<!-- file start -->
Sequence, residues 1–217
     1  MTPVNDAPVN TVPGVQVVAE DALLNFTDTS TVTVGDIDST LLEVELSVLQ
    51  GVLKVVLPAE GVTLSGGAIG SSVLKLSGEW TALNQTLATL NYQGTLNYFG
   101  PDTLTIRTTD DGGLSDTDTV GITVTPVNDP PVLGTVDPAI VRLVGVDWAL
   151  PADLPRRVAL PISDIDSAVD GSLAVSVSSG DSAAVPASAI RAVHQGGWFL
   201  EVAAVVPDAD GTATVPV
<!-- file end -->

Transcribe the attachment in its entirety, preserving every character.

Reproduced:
Sequence, residues 1–217
     1  MTPVNDAPVN TVPGVQVVAE DALLNFTDTS TVTVGDIDST LLEVELSVLQ
    51  GVLKVVLPAE GVTLSGGAIG SSVLKLSGEW TALNQTLATL NYQGTLNYFG
   101  PDTLTIRTTD DGGLSDTDTV GITVTPVNDP PVLGTVDPAI VRLVGVDWAL
   151  PADLPRRVAL PISDIDSAVD GSLAVSVSSG DSAAVPASAI RAVHQGGWFL
   201  EVAAVVPDAD GTATVPV